May 26, 2013
US accuses Apple, publishers of e-book price fixing
The conspiracy has caused e-book consumers to pay "tens of millions of dollars more for e-books than they otherwise would have paid," the Justice Department said in a lawsuit filed today.
The department alleged that Apple and the publishers had a common interest in fighting Amazon.Com Inc's practice of selling e-books for as little as $9.99, and decided to work together to raise prices.
Three of the publishers - News Corp's HarperCollins Publishers Inc, CBS Corp's Simon & Schuster Inc and Lagardere SCA's Hachette Book Group - agreed to settle with the Justice Department. The settlement terms were not immediately disclosed.
"To effectuate their conspiracy, the publisher defendants teamed up with defendant Apple, which shared the same goal of restraining retail price competition in the sale of e-books," the Justice Department complaint said.
The lawsuit was filed in the US District Court for the Southern District of New York today.
The Justice Department said it would proceed to litigate against Apple and two other publishers - Pearson Plc's Penguin Group and Macmillan, a unit of Verlagsgruppe Georg von Holtzbrinck GmbH.
Macmillan Chief Executive John Sargent said in a letter made public today that settlement terms demanded by the Justice Department "were too onerous." He also said Macmillan did not act illegally and did not collude.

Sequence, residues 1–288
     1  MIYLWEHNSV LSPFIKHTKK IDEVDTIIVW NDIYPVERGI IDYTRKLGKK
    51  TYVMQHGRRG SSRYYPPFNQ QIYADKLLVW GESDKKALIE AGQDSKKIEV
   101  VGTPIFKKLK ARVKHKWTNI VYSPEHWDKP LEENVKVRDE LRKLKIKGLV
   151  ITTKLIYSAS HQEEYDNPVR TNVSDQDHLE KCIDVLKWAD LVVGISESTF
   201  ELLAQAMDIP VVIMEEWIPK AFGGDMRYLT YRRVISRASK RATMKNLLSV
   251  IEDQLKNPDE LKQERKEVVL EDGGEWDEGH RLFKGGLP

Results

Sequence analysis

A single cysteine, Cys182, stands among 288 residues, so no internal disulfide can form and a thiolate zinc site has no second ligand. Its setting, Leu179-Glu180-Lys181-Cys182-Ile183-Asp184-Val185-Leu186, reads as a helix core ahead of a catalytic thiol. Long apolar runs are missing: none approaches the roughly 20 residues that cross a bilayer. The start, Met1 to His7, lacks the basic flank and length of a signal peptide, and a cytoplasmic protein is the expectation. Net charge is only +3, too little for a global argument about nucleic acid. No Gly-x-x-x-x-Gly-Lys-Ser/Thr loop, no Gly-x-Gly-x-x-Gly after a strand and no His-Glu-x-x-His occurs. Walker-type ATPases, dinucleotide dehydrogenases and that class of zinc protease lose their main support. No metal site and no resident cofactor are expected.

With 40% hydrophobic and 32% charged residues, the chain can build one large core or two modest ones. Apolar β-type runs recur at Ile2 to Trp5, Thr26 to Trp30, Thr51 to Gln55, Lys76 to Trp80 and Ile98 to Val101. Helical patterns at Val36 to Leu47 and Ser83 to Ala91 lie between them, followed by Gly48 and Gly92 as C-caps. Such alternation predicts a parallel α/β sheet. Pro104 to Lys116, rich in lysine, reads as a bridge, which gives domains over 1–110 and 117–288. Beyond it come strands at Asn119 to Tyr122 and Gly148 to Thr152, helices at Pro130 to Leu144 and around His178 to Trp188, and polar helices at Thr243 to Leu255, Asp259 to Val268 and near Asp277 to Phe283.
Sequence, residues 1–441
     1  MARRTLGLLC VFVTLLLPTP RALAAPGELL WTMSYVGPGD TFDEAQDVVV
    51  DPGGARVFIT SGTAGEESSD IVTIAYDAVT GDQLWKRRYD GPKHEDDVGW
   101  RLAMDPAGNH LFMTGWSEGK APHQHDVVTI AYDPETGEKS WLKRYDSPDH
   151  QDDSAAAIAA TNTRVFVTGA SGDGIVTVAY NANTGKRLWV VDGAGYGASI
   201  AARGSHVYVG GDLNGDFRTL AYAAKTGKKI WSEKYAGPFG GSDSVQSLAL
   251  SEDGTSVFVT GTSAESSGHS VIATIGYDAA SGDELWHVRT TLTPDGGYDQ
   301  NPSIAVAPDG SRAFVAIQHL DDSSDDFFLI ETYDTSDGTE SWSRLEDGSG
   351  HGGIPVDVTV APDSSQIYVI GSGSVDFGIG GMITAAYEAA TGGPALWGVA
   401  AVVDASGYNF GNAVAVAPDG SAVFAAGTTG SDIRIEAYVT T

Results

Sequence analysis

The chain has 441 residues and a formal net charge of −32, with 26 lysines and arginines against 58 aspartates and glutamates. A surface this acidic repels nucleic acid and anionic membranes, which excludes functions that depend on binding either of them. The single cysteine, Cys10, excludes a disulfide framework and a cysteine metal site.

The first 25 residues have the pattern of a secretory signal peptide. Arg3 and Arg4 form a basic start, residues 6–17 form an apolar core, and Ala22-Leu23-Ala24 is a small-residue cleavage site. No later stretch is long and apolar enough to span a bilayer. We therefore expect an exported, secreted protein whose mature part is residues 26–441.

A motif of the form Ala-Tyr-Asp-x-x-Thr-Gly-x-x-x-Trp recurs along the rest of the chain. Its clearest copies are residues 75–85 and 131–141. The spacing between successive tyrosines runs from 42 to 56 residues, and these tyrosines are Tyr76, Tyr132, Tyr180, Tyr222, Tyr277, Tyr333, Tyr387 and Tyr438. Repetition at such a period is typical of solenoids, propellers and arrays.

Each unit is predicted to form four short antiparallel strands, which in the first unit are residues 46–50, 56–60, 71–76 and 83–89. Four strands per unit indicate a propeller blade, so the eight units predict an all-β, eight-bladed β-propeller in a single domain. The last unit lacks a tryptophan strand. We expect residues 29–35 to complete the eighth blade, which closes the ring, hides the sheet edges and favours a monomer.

The Justice Department complaint cites an email from an executive for an unnamed publisher pointing out the need for the publishers to work together to convince Amazon to raise prices.
"We've always known that unless other publishers follow us, there's no chance of success in getting Amazon to change its pricing practices," the executive wrote.
"Without a critical mass behind us, Amazon won't 'negotiate,' so we need to be more confident of how our fellow publishers will react," the executive said in the email.
The European Union is also investigating allegations of conspiracy to fix the prices of e-books.
The Justice Department has been looking into whether deals Apple cut roughly two years ago, when i t l aunched its iPad tablet computer, with the quintet of publishers were done with the intent of propping up prices for e-books, people familiar with the matter have said.
As part of those agreements, publishers shifted to a model that allowed them to set the price of e-books and give Apple a 30 percent cut of sales, th e sources have said. Amazon had been paying publishers for the books, and then discounting them to win market share.
Apple and the other four publishers could not immediately be reached for comment.